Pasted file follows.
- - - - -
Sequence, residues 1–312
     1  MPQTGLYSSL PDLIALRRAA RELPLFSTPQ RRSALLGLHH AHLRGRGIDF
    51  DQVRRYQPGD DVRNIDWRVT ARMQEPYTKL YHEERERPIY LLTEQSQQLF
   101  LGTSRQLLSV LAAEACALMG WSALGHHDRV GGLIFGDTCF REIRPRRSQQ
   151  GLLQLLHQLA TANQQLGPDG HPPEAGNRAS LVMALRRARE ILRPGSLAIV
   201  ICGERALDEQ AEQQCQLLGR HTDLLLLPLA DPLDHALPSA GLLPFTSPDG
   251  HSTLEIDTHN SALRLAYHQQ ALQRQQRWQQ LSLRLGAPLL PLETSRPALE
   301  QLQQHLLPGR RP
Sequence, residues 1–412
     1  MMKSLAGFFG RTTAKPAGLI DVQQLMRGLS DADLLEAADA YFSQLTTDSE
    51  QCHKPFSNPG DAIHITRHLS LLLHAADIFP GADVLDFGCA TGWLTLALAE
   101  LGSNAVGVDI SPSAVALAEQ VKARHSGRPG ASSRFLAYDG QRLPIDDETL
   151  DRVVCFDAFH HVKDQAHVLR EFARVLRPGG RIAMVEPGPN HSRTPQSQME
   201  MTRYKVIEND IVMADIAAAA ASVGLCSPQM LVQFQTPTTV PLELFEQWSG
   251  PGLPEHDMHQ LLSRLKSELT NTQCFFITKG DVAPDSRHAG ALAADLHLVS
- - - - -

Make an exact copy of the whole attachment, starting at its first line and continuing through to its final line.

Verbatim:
Sequence, residues 1–312
     1  MPQTGLYSSL PDLIALRRAA RELPLFSTPQ RRSALLGLHH AHLRGRGIDF
    51  DQVRRYQPGD DVRNIDWRVT ARMQEPYTKL YHEERERPIY LLTEQSQQLF
   101  LGTSRQLLSV LAAEACALMG WSALGHHDRV GGLIFGDTCF REIRPRRSQQ
   151  GLLQLLHQLA TANQQLGPDG HPPEAGNRAS LVMALRRARE ILRPGSLAIV
   201  ICGERALDEQ AEQQCQLLGR HTDLLLLPLA DPLDHALPSA GLLPFTSPDG
   251  HSTLEIDTHN SALRLAYHQQ ALQRQQRWQQ LSLRLGAPLL PLETSRPALE
   301  QLQQHLLPGR RP
Sequence, residues 1–412
     1  MMKSLAGFFG RTTAKPAGLI DVQQLMRGLS DADLLEAADA YFSQLTTDSE
    51  QCHKPFSNPG DAIHITRHLS LLLHAADIFP GADVLDFGCA TGWLTLALAE
   101  LGSNAVGVDI SPSAVALAEQ VKARHSGRPG ASSRFLAYDG QRLPIDDETL
   151  DRVVCFDAFH HVKDQAHVLR EFARVLRPGG RIAMVEPGPN HSRTPQSQME
   201  MTRYKVIEND IVMADIAAAA ASVGLCSPQM LVQFQTPTTV PLELFEQWSG
   251  PGLPEHDMHQ LLSRLKSELT NTQCFFITKG DVAPDSRHAG ALAADLHLVS